From among our many wounds

SC Gilani verdict was considered ‘smart’ because the court avoided becoming a party to the removal of a tainted PM.

Shahzad Chaudhry May 01, 2012

On April 26, the Supreme Court reached a landmark decision in the matter of the prime minister’s alleged contempt of court. The verdict left behind in its wake, the perennial debate on whether it was really a ‘landmark’ verdict or not. There is no doubt that the prime minister was indeed convicted, but he was given a very light sentence. By now, anyone who has followed this case and its aftermath, is well schooled in 63 (1) (g), 63(2) and 63(3) — the roadmap that will lead to the prime minister’s removal from the hallowed office he occupies. The Court gave due consideration to the mitigating consequences of 63 (1) (g), the most debilitating clause in announcing the light sentence. The Court does not mention 63(2) and 63(3) in the short order; these are the analytical addendums that show the Court’s implicit intent.

The experts have called this a ‘smart’ verdict. Those adept at reading between the lines point to the denial of an opportunity to the PPP, and especially to the PM, to seek judicial martyrdom which could then have become the emotional basis for recourse to a sympathy vote in the forthcoming elections. Given its abysmal performance in government, the PPP is once again rekindling its victim status to paper over its all-round failure through emotive diversions. The agitation in Sindh following the judgment was a reflection of this. The misplaced reaction lacked relevance since the PPP itself was still unsure whether to treat the verdict as a relative success — the PM had escaped jail — or another knot in a tightening noose with the PM’s likely disqualification looming.

The verdict was also considered ‘smart’ because the Court avoided an explicit manifestation of it becoming a party to the removal of an increasingly tainted PM, whose family has been besieged by an unending saga of corruption cases. In an equally smart move, anticipating the tightening noose around the PM, the PPP has raised the bogey of both the military and the judiciary as its feared protagonists, forcing both these institutions to handle all matters such as this one with care. The fact that the government is perceived to have been involved in rampant corruption, has led to serious disappointment among the people at the lax punishment given to the PM, notwithstanding the fact that any sentence given to him would have had the same effect. The people wanted retribution for the perceived excesses of their chief executive and found the courts wanting.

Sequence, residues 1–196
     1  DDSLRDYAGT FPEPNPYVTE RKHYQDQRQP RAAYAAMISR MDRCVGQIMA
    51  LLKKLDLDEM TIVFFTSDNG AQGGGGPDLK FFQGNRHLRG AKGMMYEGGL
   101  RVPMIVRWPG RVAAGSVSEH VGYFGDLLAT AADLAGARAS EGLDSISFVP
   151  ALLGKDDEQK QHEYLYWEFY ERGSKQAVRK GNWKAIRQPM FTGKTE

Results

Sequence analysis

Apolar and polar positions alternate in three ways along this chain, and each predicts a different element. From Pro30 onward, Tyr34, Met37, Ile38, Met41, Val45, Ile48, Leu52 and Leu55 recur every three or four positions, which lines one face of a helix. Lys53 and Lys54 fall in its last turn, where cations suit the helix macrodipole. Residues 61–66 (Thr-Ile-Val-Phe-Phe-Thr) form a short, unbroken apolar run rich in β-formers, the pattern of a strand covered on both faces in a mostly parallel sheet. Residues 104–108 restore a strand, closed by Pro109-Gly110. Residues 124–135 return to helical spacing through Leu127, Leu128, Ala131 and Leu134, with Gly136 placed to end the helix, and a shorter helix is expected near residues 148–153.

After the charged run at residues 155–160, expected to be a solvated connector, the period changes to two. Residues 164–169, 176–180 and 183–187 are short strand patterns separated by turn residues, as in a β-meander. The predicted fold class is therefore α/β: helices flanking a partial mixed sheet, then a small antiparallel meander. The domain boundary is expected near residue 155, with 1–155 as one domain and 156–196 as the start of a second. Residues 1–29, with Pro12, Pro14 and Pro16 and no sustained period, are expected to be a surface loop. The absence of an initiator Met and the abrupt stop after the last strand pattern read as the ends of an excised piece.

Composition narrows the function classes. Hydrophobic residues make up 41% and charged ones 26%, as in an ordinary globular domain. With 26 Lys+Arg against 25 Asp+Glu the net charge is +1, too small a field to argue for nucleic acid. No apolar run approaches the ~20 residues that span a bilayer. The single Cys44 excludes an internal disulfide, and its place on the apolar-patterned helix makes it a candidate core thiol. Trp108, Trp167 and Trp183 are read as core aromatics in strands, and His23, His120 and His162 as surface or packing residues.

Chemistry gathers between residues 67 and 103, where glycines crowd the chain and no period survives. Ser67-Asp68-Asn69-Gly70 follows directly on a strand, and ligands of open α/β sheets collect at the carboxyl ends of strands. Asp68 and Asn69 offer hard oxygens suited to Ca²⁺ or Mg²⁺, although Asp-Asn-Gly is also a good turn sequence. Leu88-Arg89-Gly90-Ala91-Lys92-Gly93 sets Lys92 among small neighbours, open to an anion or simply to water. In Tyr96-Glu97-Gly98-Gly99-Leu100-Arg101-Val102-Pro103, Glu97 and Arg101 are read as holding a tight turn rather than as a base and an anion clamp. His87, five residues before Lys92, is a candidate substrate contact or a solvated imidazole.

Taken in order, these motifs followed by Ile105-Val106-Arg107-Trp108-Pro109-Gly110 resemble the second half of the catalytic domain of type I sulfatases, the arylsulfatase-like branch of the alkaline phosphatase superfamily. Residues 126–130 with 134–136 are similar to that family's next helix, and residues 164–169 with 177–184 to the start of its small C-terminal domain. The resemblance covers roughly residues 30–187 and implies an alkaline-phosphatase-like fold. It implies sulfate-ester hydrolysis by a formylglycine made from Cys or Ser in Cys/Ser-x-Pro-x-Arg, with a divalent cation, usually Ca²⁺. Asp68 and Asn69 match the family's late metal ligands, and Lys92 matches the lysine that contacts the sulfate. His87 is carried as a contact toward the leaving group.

The desired game plan for the government’s detractors from here on is for the speaker of the National Assembly to follow through with the disqualification clause under 63(2), which would then set in motion clause 63(3) to be implemented by the election commission. But what if the speaker does not see any ‘question’ arising on the PM’s status? Accepting a loss is as much a mental disposition as it is a tangible reality. If questions are raised on the neutrality of the umpires, a loss may never be acknowledged. Mostly in such cases, one team walks off; the difficulty here is that team PPP is not willing to walk off!

The next best bet for the government’s detractors would be to hope that the opposition — the PML-N, the PTI and others — forces the government’s hand to act on the Court’s implicit order to send Mr Gilani home. However, Nawaz Sharif may have other complications to sort out before he is ready to bring the edifice down. Until any of this happens, the convicted PM is here to stay.

Here are a few points for the Court to consider: trying to avoid facing difficult consequences and unwilling to carry out justice to its logical end is patently escapist. When the judges were reinstituted on the back of a popular movement, they became messiahs for the average Pakistani who pinned his hopes on the Chief Justice and his colleagues. I am afraid that the Court has fallen short in its first real test. It is equally pertinent to suggest that when pronouncements are moulded to suit the prevalent environment, they may lead to the rebirth of a tacit doctrine of necessity.

I agree with those who have handed round one to the government. It has been a case of paani vich madhani (churning the waters without consequence) as far as the courts are concerned.

Published in The Express Tribune, May 2nd, 2012.


elementary | 9 years ago | Reply

If a government is is competent ,honest and therefore stong with masses backing them up ,any General and Judge will have a hard time pushing them over,if however they are incompetent,corrupt and dishonest and people are as apathic towards them as they are towards people,it only takes a whiff from any of these strong institutions and down you come like a house of cards.Now there is no point crying when it's all you own doings.

Concerned | 9 years ago | Reply The author analysis is apt and one can hardly disagree with observations made by him. However, the only disturbing observation is the judgement delivered by the honourable court which as per him was on political considerations and not according to law of the land.
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